versão On-line ISSN 1809-4406
Acta ortop. bras. v.13 n.5 São Paulo 2005
Odaly ToffolettoI; Agostinho TavaresII; Dulce Elena CasariniIII; Beata Marie RedubloIV; Artur Beltrame RibeiroV
IPhD in Sciences, Coordinator of Clinical
Research, Hospital do Rim e Hipertensão Fundação Oswaldo
IIPhD in Medicine, Associate Professor, Discipline of Nephrology, UNIFESP-EPM
IIIPhD in Sciences, Researcher, Discipline of Nephrology, UNIFESP-EPM
IVPhD in Medicine, Discipline of Nephrology, UNIFESP-EPM
VPhD in Medicine, Chairman, Discipline of Nephrology, UNIFESP-EPM
Osteoarthrosis is a chronic joint disease that, once patent, leads to a progressive functional disability. As proteochondroitin sulfates are the major contents of the cartilage, it is expected that the ingestion of glucosamine and chondroitin might improve the biological status of that tissue. As we could not find any studies on the pharmacokinetic profile of this association by oral administration route in human beings, the objective of this study was to evaluate it by using the association of glucosamine sulfate (GS) and chondroitin sulfate (CS) given to two groups of twelve healthy male volunteers (group I: one capsule containing 500 mg of GS and 400 mg of CS; group II: four capsules with the same content). Blood samples were collected at pre-determined time intervals up to 48 hours post-dosing. GS and CS were measured in plasma by the DMMB (1,9,dimethyl-dimethilene blue) method. Maximum concentration was achieved within 2 hours (average ± SE; 0.893±0.093 µg/ml, group I; and 2.222±0.313 µg/ml, group II). Areas under curve up to 48 hours were 10.803±0.965 µg-hr/ml and 38.776±2.981 µg-hr/ml for groups I and II, respectively. Both groups showed a second peak after 18 hours, indicating an enterohepatic flow. Our results indicate that this association is absorbed through the oral route by a saturable mechanism, which can enable its use in clinical treatments.
Keywords: Osteoarthrosis; Chondroitin Sulfate; Glucosamine; Proteoglycans
Osteoarthritis is a chronic disease of the joints that causes patients to suffer a progressive functional disability. This disease is not age-related, but once patent, it progresses with aging(1-3). It is related to a loss of joint functional ability, and is characterized by continuous pain. The lack of cure for osteoarthritis results in pain being the only issue treated by means of topical agents, anti-inflammatory agents, opioids and a-adrenergic analgesics, intra-articular agents, such as depocorticosteroids, hyaluronate and beta-irradiating radionucleotides, sulfated glycosaminoglycans, such as the chondroitin sulfate (CS) and glucosamine sulfate (GS)(4-6). On the other hand, surgical treatment by means of debridements, osteotomies and total prosthesis have been providing good effects.
Glucosamine (N-acetyl-glucosamine) is a byproduct of the glucose metabolism and this degradation byproduct is one of the contents of the gallate and glycosaminoglycans(6). Glycosaminoglycans are linear polymers formed by repeated disaccaridic units where one of the units is invariably a hexosAmine (D-glucosamine or D-galactosamine) and the other is an hexuronic acid (glucuronic or iduronic) or a non-ramified sequenced galactose presenting replacements of sulfate groups in many positions of the polysaccharidic chain(7). The three disaccharidic units: N-acetyl-galactosamine-hexuronic acid; N-acetyl-glucosamine-hexuronic acid, and N-acetyl-glucosamine-galactose represent the basic units in the formation of glycosaminoglycans chain. The galactosaminoglycans, of which hexosamine will always be a D-galactosamine, are formed by the chondroitin sulfate family; and glycosaminoglycans, of which hexosamine will always be a D-glucosAmine, are formed by hyaluronic acid, heparan sulfate, heparin and cheratam sulfate.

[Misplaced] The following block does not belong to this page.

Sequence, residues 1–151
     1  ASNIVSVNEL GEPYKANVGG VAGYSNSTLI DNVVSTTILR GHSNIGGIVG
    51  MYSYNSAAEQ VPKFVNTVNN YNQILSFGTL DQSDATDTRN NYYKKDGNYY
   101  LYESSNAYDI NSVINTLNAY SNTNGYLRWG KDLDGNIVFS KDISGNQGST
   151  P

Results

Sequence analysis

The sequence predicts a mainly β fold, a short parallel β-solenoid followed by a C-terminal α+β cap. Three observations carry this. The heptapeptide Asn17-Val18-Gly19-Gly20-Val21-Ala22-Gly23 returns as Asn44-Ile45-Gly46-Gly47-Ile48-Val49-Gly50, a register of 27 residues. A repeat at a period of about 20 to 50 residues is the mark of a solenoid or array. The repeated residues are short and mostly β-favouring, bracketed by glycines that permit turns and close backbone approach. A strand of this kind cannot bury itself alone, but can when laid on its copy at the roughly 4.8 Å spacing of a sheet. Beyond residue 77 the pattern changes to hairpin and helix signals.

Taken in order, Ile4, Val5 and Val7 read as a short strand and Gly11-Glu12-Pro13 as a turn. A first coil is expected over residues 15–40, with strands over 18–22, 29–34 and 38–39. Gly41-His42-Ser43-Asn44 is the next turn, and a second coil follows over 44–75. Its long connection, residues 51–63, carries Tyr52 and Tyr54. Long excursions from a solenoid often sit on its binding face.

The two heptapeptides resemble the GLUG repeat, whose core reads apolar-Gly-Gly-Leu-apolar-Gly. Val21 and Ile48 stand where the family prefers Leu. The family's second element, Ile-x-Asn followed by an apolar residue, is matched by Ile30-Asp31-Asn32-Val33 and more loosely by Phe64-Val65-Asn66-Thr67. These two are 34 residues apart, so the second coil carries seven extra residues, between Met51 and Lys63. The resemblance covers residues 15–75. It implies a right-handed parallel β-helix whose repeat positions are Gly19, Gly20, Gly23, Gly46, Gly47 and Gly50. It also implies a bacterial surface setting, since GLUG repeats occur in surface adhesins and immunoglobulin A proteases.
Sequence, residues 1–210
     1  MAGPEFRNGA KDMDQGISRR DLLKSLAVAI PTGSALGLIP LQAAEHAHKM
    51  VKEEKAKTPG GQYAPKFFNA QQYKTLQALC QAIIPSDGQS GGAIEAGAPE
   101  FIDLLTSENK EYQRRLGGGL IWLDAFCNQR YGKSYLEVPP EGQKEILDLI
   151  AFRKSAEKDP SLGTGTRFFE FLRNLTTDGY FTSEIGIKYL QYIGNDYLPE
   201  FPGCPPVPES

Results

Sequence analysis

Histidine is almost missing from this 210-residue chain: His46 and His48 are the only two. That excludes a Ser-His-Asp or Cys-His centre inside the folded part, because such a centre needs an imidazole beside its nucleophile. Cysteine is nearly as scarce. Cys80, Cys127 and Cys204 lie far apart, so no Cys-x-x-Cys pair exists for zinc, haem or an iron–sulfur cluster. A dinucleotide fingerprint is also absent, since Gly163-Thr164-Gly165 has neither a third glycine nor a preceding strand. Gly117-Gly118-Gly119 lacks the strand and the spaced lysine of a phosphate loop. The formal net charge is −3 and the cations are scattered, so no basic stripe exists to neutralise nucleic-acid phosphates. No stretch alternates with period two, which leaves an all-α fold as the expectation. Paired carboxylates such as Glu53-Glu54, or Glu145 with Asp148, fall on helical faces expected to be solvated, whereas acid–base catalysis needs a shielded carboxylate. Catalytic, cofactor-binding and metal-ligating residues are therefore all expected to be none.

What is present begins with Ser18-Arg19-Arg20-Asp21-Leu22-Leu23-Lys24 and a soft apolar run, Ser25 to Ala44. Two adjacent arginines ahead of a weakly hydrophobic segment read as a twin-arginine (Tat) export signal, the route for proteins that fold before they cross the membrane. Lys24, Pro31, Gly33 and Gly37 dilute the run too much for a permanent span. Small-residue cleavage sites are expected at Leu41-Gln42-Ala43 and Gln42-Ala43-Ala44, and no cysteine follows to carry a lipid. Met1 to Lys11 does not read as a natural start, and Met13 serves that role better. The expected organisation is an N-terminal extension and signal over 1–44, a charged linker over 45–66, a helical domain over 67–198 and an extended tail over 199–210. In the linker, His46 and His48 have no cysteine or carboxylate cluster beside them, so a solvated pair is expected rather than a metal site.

In the category of chondroitins, we will find non-sulfated chondroitins, 4-sulfated, 6-sulfated and the dermatan sulfate(1).
Chondroitin sulfates are formed by repeated disaccharidic units of glucoronic acid bonded by a N-acetyl-galactosamine, and present an ether sulfate at 4- or 6- position and for this reason the polysaccharide formed is named chondroitin 4-sulfate or 6-sulfate.
Chondroitin sulfate chains vary in their average length from one tissue to another or within the same tissue. In general, the average molecular mass of the chondroitin sulfate chains in the joint cartilage is reduced with age (8). Except for hyaluronic acid, all glycosaminoglycans and/ or galactosaminoglycans are found as proteoglycans.
The kinds of proteoglycans in cartilage present with different hydrodynamic volumes, being this fact related to the number of glycosaminoglycan chains. It is important to remember that most of the glycosaminoglycans found in bones and cartilages are constituted by chondroitin sulfates.
Proteoglycans (PGs) are complex macromolecules containing a protein structure with one or more glycosaminoglycan chains covalently bonded(9-13). The protein structure of proteoglycans is centrally located in the molecule and is often supported by a "bed" formed by glycosaminoglycan chains.